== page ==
Covering a quarter-century of American 'syncopated" music (Ragtime, Jazz, Swing, Blues, Boogie Woogie)from prior to WWI through prohibition, the stock-market crash, the depression and the ... See full summary »
Men and women, fathers and children. Ahmed, son of Diana and Sheik Ahmed Ben Hassan, falls in love with Yasmin, a dancing girl who fronts her father's gang of mountebanks. Among the cutthroats is Ghobah, a villainous Moor to whom Yasmin is promised. In ruins near Touggourt, the city where Yasmin dances, she and Ahmed meet secretly until one night when her father and the gang capture the son of the sheik, torture him, and hold him for ransom. Will Ahmed believe that Yasmin set him up for capture? Even if true love finds a way through webs of deceit, what will the vigorous and imposing sheik say about his son consorting with a dancing girl?Written by
This film was not only one of the first "sequels" ever made, it was also one of the first films to come out after its star's death--Rudolph Valentino had unexpectedly died from peritonitis at the age of 31 on August 23, 1926, less than two weeks before this film went into release. See more »
The opening credits show "COPYRIGHT MCMXXXVII" (1937) even though the film was released in 1926. See more »
[the little man is comically hanging by his shirt from a tree limb]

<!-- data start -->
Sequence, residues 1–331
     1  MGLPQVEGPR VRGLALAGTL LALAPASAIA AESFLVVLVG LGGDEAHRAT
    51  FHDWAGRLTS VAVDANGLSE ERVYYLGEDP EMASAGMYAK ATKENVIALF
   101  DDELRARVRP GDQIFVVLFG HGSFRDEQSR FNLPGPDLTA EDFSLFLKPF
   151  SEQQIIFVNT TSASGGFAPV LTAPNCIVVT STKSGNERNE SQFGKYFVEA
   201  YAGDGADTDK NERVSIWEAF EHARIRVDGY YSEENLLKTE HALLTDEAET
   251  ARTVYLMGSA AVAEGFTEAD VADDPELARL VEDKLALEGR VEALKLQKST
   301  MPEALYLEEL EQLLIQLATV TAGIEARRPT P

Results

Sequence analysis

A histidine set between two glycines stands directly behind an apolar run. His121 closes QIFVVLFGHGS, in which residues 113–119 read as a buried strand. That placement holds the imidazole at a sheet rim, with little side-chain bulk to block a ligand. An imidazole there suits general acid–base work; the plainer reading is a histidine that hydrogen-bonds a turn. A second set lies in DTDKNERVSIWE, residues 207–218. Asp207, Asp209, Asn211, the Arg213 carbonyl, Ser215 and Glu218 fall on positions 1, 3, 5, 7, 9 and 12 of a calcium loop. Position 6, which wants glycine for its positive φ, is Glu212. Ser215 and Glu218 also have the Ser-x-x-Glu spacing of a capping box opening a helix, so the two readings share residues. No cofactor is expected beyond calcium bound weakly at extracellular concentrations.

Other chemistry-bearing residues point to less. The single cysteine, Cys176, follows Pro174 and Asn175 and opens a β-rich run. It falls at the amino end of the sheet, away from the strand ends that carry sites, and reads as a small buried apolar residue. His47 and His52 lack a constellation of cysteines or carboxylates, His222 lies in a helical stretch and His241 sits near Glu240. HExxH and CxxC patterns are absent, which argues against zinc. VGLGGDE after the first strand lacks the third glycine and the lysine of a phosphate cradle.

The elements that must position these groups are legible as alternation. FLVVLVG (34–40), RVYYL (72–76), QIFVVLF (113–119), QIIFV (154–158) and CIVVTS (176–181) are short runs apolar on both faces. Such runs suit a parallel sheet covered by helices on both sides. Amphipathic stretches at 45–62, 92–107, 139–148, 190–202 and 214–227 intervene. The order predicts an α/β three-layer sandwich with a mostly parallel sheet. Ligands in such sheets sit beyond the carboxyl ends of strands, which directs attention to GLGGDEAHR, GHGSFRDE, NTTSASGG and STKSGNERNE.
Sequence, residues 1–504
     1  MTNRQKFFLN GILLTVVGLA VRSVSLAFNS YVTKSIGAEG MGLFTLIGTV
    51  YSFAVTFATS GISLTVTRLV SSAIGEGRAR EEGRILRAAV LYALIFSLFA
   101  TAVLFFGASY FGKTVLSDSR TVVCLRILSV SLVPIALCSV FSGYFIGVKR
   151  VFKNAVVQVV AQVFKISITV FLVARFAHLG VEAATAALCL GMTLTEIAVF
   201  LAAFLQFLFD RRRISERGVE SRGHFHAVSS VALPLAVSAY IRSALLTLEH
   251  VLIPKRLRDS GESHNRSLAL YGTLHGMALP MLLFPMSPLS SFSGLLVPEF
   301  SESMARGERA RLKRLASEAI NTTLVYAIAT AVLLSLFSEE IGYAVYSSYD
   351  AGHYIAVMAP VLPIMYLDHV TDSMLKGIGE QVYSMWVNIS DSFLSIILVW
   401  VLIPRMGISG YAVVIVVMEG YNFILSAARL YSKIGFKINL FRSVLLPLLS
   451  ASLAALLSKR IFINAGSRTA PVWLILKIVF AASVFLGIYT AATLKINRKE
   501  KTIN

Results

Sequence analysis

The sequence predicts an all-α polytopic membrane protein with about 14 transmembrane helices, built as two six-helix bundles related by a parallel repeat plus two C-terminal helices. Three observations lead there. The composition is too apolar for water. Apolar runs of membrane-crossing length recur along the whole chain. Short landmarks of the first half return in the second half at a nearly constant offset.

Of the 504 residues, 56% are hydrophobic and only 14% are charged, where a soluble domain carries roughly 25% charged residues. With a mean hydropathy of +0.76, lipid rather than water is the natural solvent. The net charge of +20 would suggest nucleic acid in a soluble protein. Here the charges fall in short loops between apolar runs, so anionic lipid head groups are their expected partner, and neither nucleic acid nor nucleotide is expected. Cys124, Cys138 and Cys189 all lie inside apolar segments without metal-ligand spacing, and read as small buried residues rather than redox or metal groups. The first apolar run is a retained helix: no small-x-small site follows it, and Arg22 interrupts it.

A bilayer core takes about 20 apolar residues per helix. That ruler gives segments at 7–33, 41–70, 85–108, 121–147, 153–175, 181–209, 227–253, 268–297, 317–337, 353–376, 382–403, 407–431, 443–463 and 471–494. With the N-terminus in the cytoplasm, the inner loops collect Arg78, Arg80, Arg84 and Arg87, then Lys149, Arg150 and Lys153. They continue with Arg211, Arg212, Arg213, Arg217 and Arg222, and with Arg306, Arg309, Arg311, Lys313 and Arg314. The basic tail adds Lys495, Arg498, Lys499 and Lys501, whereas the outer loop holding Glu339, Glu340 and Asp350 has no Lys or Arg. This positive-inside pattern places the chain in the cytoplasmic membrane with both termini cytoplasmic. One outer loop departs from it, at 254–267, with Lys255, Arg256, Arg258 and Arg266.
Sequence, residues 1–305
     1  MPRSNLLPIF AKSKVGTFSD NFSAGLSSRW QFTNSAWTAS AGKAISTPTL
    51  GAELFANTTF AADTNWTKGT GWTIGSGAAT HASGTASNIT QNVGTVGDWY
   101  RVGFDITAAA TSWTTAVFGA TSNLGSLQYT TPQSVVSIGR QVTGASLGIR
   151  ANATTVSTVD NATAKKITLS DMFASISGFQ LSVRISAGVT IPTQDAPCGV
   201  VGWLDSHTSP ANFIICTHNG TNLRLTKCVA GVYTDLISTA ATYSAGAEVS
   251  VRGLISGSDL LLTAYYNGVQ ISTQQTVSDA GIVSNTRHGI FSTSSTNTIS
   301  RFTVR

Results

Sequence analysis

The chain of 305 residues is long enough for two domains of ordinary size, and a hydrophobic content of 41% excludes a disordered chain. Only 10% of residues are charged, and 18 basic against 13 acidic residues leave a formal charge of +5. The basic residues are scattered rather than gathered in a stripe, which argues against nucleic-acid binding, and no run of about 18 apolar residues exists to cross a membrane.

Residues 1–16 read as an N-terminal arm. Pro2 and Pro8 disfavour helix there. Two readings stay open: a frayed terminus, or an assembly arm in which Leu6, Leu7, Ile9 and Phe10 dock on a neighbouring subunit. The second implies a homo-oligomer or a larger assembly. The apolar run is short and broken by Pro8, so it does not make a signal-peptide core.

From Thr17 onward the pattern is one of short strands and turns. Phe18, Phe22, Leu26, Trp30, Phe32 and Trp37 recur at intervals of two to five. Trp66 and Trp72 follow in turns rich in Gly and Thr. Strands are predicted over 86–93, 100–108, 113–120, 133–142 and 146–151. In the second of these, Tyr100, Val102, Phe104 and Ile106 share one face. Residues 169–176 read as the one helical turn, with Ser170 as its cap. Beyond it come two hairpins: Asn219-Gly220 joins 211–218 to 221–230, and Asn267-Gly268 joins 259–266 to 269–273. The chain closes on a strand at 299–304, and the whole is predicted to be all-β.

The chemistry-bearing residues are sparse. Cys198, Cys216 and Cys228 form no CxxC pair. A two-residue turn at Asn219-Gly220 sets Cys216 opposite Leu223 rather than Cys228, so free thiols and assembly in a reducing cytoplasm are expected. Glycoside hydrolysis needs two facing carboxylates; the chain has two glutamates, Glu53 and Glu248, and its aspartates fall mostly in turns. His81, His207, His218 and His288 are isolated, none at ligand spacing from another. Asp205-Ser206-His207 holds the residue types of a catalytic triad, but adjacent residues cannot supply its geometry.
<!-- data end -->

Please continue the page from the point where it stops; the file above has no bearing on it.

What are you doing there, Son of An Owl?
Nay, my mother was no owl... only a little cuckoo!
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In 1969, Paul Killiam copyrighted a version with a new organ score written by Jack Ward. See more »
I recently saw the Son of the Sheik at an old movie house in Los Angeles. It was complete with the Wurlitzer theater pipe organ -- live accompaniment for this rare gem! I was in awe at how sophisticated and enchanting this movie was. I remarked to my husband that it reminded me of one of my trashy love novels. It was so perfect. I remember reading somewhere that Rudolph Valentino's fame came from the fact that he was so dark and handsome and muscular as opposed to the little pasty boys that had existed before him in the cinema. The scene where he exacts his revenge on Yasmin and ravishes her....was wonderful. His dark eyes as he looked at her in the close-ups.......ahhhhh. This movie truly was a treat. The desert scenes, the lush scenery and sumptuous costumes create a wonderful lavish movie. Valentino was taken from the cinema world far too early....but at least we have these lavish movies to remember him by.
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